At MI6’s new underground headquarters, Q attempts to decrypt Silva’s laptop, but inadvertently gives it access to the MI6 servers, allowing Silva to escape. Q concludes Silva wanted to be captured as part of a plan to kill M, whom he hates for disavowing and betraying him to the Chinese government in 1997, leaving him to be tortured and disfigured by a suicide attempt by cyanide pill. Silva escapes his cell and Bond chases him through the London Underground and thwarts Silva’s attack at a Parliament inquiry where M is present.

Instructing Q and Bill Tanner to leave an electronic trail for Silva to follow, Bond uses his Aston Martin DB5 to take M to Skyfall, his childhood home in the Scottish Highlands. They meet Skyfall’s gamekeeper Kincade, and together the trio set up a series of booby traps throughout the house.

When Silva’s men arrive, Bond, M, and Kincade kill most of them, but M is wounded. Silva arrives by helicopter with more men and heavy weapons, so Bond sends M and Kincade through a priest hole to hide in a nearby chapel, and rigs propane tanks to explode. As the house and the helicopter are destroyed, Bond escapes down the same tunnel.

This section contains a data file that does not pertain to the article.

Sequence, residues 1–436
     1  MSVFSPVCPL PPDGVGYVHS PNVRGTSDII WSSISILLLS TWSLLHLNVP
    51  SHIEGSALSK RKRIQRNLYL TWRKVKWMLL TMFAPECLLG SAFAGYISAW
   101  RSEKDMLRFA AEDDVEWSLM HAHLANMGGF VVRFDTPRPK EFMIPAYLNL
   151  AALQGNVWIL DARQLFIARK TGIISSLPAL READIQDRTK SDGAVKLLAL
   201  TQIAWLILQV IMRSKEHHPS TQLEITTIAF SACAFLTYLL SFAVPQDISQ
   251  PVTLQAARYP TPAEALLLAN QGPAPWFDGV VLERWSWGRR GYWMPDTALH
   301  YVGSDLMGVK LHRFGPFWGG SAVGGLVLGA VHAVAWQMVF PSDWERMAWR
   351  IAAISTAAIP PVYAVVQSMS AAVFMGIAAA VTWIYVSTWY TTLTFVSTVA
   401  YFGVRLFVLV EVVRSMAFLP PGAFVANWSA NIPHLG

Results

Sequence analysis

Silva survives the destruction of the house, following Kincade and M to the chapel. Confronting M, Silva forces his gun into her hand and presses his temple to hers, begging her to kill them both. Bond arrives and kills Silva by throwing a knife into his back. M then succumbs to her wounds and dies in Bond’s arms.

Following M’s funeral, Moneypenny formally introduces herself to Bond and tells him she is retiring from fieldwork to become secretary for Mallory, the newly appointed M. Bond meets with Mallory, and tells him he is ready to get back to work.

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Skyfall (2012) Box office

Skyfall earned $1.109 billion worldwide,[4] and at the time of its release was the highest-grossing film worldwide for Sony Pictures and the second-highest-grossing film of 2012. On its opening weekend, it earned $80.6 million from 25 markets.[118] In the UK the film grossed £20.1 million on its opening weekend, making it the second-highest Friday-to-Sunday debut ever behind Harry Potter and the Deathly Hallows – Part 2. It also achieved the second-highest IMAX debut ever behind The Dark Knight Rises.